SU‐E‐J‐59: Dual Imaging Guided Localization System for Spine Radiosurgery

N. Wen, J. Kim, S. Kim, C. Glide‐hurst, JianYue Jin, J. Gordon, T. Nurushev, I. Chetty, K. Levin, B. Movsas, S. Ryu

Research output: Contribution to journalArticlepeer-review


Purpose: To compare localization accuracies between an ExacTrac and cone beam computed tomography (CBCT) systems for single fraction spine adiosurgery. The work also aimed to evaluate the inherent systematic deviation of both ExacTrac and CBCT systems to achieve highly accurate localization in the spine radiosurgery. Methods: ExacTrac and CBCT imaging systems were evaluated using the linac isocenter as the mutual reference point. First, a BB was placed in an anthropomorphic pelvic phantom. The phantom was localized with both imaging systems and the procedure was repeated 12 times. These results were used to devise a localization protocol using both imaging systems in spine radiosurgery, and employed for 51 patients (81 isocenters) prescribed for single fraction treatment. The displacement discrepancy between the isocenter and two systems were quantified in four dimensions (three translations, one rotation). A Student's two‐tailed t‐test was used to test for significant differences between the two imaging systems. Results: The phantom study showed 1.4±0.5, 0.6±0.5, and 0.1±0.5 mm differences between the two imaging systems in the anterior/posterior (A/P), superior/inferior (S/I) and left/right (L/R) directions, respectively. The angular difference was minimal along all three axes. The patient study revealed similar isocenter discrepancies between ExacTrac and CBCT of 1.1 ± 0.7 mm, 1.0±0.9 mm, and 0.2±0.9 mm in the A/P, S/I, and L/R directions, respectively, with the A/P and S/I directions showing statistical significance ((t(80) = 13.5 and 7.6 respectively, p = 0.000). The couch yaw discrepancy was 0 ± 0.3°. Overall, 1 mm systematic differences were observed in the A/P and S/I directions between ExacTrac and CBCT localization systems, both in phantom and patient. A procedure was developed to mitigate this systematic discrepancy. Conclusions: These findings have justified our patient localization tolerance levels of 2 mm translation and 1 degree rotation for spine SRS treatment.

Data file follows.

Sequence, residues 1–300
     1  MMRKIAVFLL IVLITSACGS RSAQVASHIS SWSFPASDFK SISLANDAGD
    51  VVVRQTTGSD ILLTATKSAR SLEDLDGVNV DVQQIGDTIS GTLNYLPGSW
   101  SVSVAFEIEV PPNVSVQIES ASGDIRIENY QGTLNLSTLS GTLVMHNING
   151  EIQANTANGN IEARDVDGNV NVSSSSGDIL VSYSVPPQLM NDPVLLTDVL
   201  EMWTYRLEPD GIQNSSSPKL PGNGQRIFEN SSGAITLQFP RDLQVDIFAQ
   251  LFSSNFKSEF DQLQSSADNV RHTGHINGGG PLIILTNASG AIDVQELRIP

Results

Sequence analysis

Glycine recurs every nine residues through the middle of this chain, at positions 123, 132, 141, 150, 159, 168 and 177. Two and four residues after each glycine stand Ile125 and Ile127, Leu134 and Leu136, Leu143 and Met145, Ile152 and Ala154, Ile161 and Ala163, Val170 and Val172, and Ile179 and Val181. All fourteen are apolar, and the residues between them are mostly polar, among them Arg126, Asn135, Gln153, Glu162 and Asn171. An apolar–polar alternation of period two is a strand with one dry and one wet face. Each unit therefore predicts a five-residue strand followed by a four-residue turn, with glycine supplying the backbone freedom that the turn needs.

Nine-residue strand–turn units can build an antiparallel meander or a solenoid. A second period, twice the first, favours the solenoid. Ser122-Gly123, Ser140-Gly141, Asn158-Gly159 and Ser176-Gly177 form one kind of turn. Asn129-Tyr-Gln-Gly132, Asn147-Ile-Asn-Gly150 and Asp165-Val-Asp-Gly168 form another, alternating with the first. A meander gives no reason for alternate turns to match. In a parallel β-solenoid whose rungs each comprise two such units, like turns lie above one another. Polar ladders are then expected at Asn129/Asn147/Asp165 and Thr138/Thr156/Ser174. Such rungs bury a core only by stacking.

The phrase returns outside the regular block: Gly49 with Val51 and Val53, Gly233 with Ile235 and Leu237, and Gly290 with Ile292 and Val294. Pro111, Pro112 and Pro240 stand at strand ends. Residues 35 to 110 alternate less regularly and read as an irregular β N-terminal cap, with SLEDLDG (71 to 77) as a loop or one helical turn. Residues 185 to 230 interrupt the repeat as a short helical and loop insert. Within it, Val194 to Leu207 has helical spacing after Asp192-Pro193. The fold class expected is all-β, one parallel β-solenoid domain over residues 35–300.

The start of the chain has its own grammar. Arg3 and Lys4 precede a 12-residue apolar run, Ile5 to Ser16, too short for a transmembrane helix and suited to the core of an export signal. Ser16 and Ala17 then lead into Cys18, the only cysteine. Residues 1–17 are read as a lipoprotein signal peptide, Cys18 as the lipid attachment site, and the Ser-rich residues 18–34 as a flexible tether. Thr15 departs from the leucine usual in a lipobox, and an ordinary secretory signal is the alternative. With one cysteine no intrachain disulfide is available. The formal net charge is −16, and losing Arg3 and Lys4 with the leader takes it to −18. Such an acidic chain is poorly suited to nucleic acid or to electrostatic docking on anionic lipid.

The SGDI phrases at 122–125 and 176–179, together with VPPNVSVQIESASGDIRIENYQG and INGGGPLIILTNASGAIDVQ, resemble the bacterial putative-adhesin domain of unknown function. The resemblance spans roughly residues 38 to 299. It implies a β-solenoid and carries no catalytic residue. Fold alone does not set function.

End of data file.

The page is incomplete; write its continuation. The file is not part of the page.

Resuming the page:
Original languageEnglish (US)
Pages (from-to)3666
Number of pages1
JournalMedical Physics
Issue number6
StatePublished - Jun 2012

ASJC Scopus subject areas

  • Biophysics
  • Radiology Nuclear Medicine and imaging


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